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Jennifer Cano: Higher magic angles in twisted bilayer graphene and topological twistronics 

January 27 @ 10:00 am - 11:00 am

https://ubc.zoom.us/j/68470173961?pwd=RTZEak9Pd01WajVOZHN5SW5YZHcyQT09
Meeting ID: 684 7017 3961
Passcode: 113399

 


Speaker: Jennifer Cano, Assistant Professor at Stony Brook University

Title: Higher magic angles in twisted bilayer graphene and topological twistronics

 

Bio: Jennifer Cano is an Assistant Professor at Stony Brook University and an Affiliate Associate Research Scientist at the Flatiron Institute. She earned a PhD in physics from the University of California, Santa Barbara, in 2015, and was subsequently a postdoctoral fellow at the Princeton Center for Theoretical Science. Her research is focused on the classification and realization of topological phases of matter, ranging from strongly correlated phases with fractionalized excitations to non-interacting topological band structures.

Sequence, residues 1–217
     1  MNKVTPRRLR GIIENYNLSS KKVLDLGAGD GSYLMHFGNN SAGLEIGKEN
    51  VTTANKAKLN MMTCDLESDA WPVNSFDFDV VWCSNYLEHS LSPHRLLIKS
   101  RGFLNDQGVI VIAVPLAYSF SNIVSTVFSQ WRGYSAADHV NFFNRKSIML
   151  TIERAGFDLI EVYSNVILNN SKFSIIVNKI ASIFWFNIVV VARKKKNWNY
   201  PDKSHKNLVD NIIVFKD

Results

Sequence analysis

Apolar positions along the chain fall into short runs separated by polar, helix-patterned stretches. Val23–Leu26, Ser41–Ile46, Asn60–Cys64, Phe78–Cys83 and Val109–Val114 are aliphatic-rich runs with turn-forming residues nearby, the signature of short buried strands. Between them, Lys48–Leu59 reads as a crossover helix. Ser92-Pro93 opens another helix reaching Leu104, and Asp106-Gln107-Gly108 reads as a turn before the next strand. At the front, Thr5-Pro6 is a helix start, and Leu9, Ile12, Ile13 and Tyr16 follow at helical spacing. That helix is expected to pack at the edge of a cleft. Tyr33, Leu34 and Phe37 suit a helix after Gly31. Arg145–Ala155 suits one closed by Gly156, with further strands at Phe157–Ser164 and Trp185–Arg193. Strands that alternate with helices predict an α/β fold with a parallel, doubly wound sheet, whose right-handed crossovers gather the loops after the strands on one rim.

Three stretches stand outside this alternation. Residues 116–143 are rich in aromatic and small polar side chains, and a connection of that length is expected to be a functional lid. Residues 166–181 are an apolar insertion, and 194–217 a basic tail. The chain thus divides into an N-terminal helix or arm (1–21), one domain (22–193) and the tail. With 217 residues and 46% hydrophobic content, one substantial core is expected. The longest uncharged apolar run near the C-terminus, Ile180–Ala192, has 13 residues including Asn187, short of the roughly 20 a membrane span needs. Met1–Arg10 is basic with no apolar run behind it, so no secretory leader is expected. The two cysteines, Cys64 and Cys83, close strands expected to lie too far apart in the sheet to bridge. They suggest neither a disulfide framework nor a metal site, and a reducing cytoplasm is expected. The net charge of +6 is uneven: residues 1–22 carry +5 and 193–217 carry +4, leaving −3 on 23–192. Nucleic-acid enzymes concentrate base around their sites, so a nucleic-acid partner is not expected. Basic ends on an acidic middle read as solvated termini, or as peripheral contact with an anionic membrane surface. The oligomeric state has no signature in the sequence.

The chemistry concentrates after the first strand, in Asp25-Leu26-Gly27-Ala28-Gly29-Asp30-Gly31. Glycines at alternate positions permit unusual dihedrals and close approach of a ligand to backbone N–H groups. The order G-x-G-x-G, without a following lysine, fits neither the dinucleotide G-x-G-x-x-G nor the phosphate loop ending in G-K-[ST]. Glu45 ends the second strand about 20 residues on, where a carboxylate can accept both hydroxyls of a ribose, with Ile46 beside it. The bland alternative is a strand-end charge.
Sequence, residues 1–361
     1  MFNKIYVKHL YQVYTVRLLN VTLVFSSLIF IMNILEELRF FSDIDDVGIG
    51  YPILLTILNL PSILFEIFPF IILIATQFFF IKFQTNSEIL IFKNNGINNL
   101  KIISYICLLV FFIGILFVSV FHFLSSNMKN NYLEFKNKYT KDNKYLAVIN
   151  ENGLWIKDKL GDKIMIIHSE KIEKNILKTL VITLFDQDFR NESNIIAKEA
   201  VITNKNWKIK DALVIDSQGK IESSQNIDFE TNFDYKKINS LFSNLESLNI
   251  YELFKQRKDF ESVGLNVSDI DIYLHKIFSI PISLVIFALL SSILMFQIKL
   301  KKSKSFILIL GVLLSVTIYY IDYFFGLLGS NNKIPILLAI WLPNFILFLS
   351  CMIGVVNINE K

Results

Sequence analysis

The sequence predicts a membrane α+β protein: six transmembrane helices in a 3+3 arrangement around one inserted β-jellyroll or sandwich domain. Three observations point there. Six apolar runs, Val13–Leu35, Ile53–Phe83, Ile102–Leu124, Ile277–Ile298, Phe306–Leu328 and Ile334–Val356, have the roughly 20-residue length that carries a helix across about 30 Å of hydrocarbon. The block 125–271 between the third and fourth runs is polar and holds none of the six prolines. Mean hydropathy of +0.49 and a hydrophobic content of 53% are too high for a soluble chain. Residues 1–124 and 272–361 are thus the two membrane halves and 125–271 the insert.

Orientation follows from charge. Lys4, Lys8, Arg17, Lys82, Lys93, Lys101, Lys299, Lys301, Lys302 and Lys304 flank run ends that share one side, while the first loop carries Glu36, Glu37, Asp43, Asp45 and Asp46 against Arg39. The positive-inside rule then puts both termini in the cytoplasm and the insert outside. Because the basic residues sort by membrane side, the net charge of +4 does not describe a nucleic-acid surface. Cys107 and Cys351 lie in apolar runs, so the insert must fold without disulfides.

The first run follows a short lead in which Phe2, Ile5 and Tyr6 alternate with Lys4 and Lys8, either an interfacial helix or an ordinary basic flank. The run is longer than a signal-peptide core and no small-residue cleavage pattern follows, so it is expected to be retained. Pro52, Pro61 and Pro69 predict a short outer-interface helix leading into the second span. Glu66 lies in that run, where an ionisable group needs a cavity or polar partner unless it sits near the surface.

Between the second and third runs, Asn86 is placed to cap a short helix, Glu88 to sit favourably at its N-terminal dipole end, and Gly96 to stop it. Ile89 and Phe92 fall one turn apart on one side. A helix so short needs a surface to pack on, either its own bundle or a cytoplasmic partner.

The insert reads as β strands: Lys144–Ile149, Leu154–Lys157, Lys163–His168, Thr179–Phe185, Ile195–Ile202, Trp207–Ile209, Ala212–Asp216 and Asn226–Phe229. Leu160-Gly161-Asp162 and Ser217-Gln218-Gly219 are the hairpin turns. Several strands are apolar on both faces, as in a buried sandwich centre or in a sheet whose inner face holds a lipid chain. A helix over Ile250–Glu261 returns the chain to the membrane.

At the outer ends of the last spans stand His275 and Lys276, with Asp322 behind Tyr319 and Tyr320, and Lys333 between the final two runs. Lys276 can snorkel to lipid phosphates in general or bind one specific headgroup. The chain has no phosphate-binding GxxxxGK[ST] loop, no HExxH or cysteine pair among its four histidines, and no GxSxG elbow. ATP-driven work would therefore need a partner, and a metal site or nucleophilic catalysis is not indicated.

Abstract: We present recent analytical and numerical results on the chiral model of twisted bilayer graphene and introduce a new platform for twistronic devices on the surface of a topological insulator. In the first part of the talk, we study the flat band wavefunctions of chiral twisted bilayer graphene at higher magic angles. We show that at higher magic angles, the wavefunctions exhibit an increasing number of zeros, resembling quantum Hall wavefunctions at higher Landau levels. Zeros of the same chirality cluster near the center of the moire unit cell, causing an enhanced phase winding and circulating current. The wavefunctions at higher magic angles have signatures in scanning tunneling microscopy and orbital magnetization experiments. In the second half of the talk, we investigate the fate of the surface Dirac cone of a three-dimensional topological insulator subject to a superlattice potential. Using a combination of diagrammatic perturbation theory, lattice model simulations, and ab initio calculations, we report a dramatic renormalization of the surface Dirac cone velocity and the formation of gapless satellite Dirac cones. The latter can produce very flat bands that may be a fruitful place to searching for interaction-driven physics.

Details

Date:
January 27
Time:
10:00 am - 11:00 am